New Roadway Extends Utah’s Mountain View Corridor

The newest segment of the Mountain View Corridor highway, located west of Salt Lake City, opened to motorists in mid-November, heralding the conclusion of the most complex section of the 35-mile, multi-phased road and trail system.



The southern segment of the Mountain View Corridor extension connects with the existing 15-mile roadway at the intersection with 4100 South.

The new 2.2-mile section of roadway extends the Mountain View Corridor between 5400 South and 4100 South in West Valley City, Utah. The existing 15-mile corridor, also known as State Route 85, opened in December 2012.

The Mountain View Corridor is intended to reduce traffic congestion in one of the most rapidly growing suburban areas in the U.S. When completed, the north-south freeway will connect Interstate 80, which runs through Salt Lake County, to State Route 73 in Northern Utah County.

Although this segment was much shorter than the original section, there were several obstacles beyond the construction of 15 highway bridges and seven pedestrian bridges that made this a challenging project to design and build, including:

  • demolition and relocation of more than 100 residential homes,
  • reconstruction of the 18-hole Ridge Golf Course,
  • reconfiguration of parking at the 20,000-seat USANA Amphitheater,
  • reconfiguration of the Frito Lays manufacturing plant,
  • reconstruction of a building and athletic fields at Hunter High School and Hillside Elementary School,
  • relocation of the Granger Hunter 2-million-gallon water tank, and
  • relocation of Rocky Mountain Power and Kern River Gas interstate utility corridor.


The northern segment of the Mountain View Corridor extension, shown during construction, connects to 5400 South. It runs between Hunter High School (left) and Hillside Elementary School (right).

WSP USA partnered with HDR to lead the Utah Department of Transportation’s (UDOT’s) Mountain View Corridor program management team. WSP served as the lead consultant, providing project management, preliminary engineering, utility coordination, public involvement, environmental documentation, right-of-way acquisition, design-build procurement and quality oversight during construction.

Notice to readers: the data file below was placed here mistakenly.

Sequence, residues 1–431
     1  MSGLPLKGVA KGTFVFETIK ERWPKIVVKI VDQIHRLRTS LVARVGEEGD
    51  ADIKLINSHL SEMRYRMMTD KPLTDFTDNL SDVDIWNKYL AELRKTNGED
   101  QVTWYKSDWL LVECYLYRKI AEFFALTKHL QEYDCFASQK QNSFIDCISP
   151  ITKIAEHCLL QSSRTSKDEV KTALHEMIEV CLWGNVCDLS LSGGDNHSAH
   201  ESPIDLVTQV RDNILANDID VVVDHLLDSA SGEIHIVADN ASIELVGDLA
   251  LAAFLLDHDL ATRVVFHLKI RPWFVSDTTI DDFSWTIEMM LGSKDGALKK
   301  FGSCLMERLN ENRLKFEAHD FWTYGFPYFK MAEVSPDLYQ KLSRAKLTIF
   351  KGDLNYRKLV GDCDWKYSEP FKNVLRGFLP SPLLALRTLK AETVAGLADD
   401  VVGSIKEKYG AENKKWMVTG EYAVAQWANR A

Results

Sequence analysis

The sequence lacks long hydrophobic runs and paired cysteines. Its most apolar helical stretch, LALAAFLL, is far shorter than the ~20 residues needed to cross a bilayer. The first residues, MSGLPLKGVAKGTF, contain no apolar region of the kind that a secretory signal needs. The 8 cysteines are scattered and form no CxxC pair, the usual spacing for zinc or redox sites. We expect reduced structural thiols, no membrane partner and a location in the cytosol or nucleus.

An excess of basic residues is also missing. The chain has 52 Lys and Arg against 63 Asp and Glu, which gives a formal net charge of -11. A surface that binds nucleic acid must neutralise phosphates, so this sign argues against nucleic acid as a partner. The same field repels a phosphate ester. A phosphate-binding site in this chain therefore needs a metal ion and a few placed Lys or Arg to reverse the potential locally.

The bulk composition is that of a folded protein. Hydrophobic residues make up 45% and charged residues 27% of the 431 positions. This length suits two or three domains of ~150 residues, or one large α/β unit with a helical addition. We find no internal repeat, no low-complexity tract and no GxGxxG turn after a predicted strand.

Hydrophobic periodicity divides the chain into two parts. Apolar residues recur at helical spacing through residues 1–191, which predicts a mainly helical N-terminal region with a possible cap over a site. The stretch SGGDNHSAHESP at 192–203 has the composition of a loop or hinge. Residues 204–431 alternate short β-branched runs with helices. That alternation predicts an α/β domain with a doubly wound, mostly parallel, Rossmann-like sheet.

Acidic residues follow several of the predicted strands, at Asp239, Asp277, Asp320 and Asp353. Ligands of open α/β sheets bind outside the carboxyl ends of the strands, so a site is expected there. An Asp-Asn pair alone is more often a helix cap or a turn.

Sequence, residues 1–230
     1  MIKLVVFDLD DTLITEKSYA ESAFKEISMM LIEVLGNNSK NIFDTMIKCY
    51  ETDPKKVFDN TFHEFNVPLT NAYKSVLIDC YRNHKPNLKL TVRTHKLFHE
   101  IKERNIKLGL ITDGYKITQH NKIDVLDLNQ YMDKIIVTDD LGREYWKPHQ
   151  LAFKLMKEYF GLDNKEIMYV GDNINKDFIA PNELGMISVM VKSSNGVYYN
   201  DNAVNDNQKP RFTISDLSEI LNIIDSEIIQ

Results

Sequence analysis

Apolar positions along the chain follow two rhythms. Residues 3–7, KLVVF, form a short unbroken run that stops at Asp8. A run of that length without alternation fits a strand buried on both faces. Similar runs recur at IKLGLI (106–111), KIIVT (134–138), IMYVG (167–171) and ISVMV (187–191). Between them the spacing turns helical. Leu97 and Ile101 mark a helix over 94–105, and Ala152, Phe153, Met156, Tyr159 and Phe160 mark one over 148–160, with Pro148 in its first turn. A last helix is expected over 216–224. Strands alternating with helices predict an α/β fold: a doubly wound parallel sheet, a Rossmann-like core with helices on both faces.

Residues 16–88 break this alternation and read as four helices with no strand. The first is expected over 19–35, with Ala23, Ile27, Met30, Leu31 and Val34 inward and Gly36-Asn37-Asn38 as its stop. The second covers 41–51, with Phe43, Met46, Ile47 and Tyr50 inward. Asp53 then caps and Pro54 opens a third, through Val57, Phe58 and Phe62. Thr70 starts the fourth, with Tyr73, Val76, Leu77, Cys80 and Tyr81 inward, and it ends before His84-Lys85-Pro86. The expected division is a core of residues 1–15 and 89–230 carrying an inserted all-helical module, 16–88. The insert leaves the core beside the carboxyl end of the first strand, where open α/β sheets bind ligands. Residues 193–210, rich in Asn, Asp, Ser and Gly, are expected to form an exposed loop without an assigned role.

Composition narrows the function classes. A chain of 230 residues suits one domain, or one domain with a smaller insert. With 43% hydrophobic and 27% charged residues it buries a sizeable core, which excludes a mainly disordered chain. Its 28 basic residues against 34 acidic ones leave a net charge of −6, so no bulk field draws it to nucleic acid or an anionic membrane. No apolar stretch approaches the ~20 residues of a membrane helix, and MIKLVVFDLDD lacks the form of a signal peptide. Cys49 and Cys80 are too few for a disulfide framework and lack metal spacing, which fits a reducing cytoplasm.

“The right-of-way and utility challenges were difficult and complex, and many required years to complete,” said Ed Rock, project manager for WSP. “Solving such challenges required innovation, new approaches to engineering and solid determination.”

Minimizing Impact

The program management team found an innovative way to provide those impacted by the construction with updated information throughout the planning and construction of the highway.

“Our team developed UDOT’s first interactive GIS web map to educate property owners, businesses, municipalities, and the public of both the current and future projects,” Rock said.

The project management team also organized a citizen review board to get public input and minimize the impact on the public and stakeholders. It included an opportunity to rate the contractor’s performance in meeting criteria such as safety, and impact to roadway access, schools and residences.



The Mountain View Corridor project also includes two miles of new trails and seven bridges to provide safer passage for pedestrians and cyclists.